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Boise Displays How to Consolidate Data and Increase Efficiency

January 04, 2013

Boise Displays How to Consolidate Data and Increase Efficiency

By Shankar Pandiath
TMCnet Contributor

When one speaks about data centers, our minds immediately conjure up an image of a place stuffed with storage systems, wires, controls and racks of equipment. But Boise, Idaho has been showing us how data can be consolidated and efficiently stored.

Boise is consolidating data in an unsuspecting closet with a single server and an electrical panel in the city’s 13 data centers. Currently, these data centers are located all over the city in libraries, remote offices and airports. The plan is to consolidate these data centers spread across the city to just three designated data centers located in Boise, City Hall and City Hall West. The other remote locations will be able to access the central data centers and share files. All this up gradation is sure to increase efficiency and speed.

To make the transition easier the city of Boise has purchased raw, dark fiber from Zayo Group (News - Alert), which is a telecommunications supplier. Currently, the city’s 13 core facilities are connected with this dark fiber which helps create a faster optical network. It accesses strands of fiber optic cable between city buildings in Boise. 

The gear, which is apt to light the network, is chosen by the in-house network engineers. The engineers carefully maintain complete control of protocol, platform and bandwidth that improves flexibility, speed and efficiency.

Fran Cantwell, an IT project manager for Boise’s Parks and Recreation Department, noticed improvements immediately after using the city’s online mapping system.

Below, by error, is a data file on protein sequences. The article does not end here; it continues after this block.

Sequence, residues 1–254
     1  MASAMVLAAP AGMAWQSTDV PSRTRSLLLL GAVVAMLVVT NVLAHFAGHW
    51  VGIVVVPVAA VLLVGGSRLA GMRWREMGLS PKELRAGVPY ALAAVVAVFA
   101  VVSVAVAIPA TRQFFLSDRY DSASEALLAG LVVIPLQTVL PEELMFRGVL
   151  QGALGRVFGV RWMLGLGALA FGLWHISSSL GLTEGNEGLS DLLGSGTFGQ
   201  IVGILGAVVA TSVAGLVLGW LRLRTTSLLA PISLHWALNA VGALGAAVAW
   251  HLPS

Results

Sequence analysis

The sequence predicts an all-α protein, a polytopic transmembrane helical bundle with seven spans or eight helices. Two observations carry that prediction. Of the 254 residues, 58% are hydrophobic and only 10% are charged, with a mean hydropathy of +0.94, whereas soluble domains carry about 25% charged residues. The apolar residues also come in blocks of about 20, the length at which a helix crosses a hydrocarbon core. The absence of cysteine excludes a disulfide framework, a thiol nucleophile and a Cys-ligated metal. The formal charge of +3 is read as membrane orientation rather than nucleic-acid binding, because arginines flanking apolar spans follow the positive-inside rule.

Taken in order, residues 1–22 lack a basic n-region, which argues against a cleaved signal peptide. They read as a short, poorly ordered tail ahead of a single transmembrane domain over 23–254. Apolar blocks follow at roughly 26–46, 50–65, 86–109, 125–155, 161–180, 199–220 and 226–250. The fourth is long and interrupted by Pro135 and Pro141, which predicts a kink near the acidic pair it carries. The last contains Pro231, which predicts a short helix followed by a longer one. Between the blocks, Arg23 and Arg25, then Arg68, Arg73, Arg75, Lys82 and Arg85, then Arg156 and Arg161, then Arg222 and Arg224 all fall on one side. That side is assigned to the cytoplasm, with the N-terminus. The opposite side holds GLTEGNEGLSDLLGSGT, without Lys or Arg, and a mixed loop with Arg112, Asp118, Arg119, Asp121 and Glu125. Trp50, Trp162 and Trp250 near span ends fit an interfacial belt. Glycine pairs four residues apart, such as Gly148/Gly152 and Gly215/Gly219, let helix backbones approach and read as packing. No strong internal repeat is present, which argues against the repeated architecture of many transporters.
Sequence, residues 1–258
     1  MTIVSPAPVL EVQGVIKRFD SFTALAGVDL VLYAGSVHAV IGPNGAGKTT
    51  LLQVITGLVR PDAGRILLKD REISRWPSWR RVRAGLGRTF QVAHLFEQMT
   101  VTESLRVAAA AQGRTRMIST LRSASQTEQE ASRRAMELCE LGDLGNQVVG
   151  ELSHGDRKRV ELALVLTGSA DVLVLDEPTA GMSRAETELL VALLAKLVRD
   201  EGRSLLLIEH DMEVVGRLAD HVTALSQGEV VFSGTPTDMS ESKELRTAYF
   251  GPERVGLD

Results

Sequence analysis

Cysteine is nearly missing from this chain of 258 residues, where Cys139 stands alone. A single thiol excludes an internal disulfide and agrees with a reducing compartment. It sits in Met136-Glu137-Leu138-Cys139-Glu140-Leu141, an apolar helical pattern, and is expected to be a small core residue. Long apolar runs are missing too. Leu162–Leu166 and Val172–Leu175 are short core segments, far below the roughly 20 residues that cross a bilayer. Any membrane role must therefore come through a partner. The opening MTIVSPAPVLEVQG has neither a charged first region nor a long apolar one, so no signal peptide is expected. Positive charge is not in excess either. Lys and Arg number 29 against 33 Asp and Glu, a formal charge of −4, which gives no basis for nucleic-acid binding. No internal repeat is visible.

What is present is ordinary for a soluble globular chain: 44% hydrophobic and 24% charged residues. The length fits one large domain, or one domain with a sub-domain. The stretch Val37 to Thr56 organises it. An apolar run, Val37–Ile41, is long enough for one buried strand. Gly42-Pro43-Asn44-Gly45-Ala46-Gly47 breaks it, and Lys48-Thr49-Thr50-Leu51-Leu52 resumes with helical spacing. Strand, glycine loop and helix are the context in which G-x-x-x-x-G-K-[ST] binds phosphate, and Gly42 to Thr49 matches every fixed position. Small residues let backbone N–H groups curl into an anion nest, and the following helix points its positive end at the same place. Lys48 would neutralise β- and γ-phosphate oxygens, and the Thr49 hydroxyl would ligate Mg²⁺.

"Before, staff would wait for the system to slowly paint the screen,” Cantwell said.

 “After the dark fiber implementation, the maps load almost instantly. This greatly increased the efficiency of teams like Community Forestry, who refer to the maps and aerial photos daily."

"Professionals in city departments have reported a 3,000 percent increase in speed. Transmitting a 30-minute video once took two hours, but can now occur in as little as two minutes," according to Adam Reno, a Boise IT infrastructure services manager.

"Leasing dark fiber ensures that the City is always connected at the fastest speeds possible," Reno said, adding that any necessary maintenance is handled by their vendor. "We don’t have to repair the fiber strands when they break. That’s up to our fiber provider," he said.

The project was launched in June and was completed in four months. 52 miles of dark fiber was leased for just over $500,000 from Zayo by the municipality of Boise. It would have cost an estimated $6 million if Boise had to configure and operate a similar fiber network by itself.

With the help of this new dark fiber, Boise has started consolidating its remote data centers.

"The City has been looking at connecting its facilities with high-speed communications technology for a number of years. This finally became reality this past year and has proven very beneficial for many of the remote sites. This ground work is the foundation of a clear vision to do disaster recovery, data redundancy and failover of processing for the next 15 to 20 years,” Boise’s chief information officer, Garry Beaty said.

Want to learn more about the latest in communications and technology? Then be sure to attend ITEXPO Miami 2013, Jan 29- Feb. 1 in Miami, Florida.  Stay in touch with everything happening at ITEXPO (News - Alert). Follow us on Twitter.

Edited by Brooke Neuman
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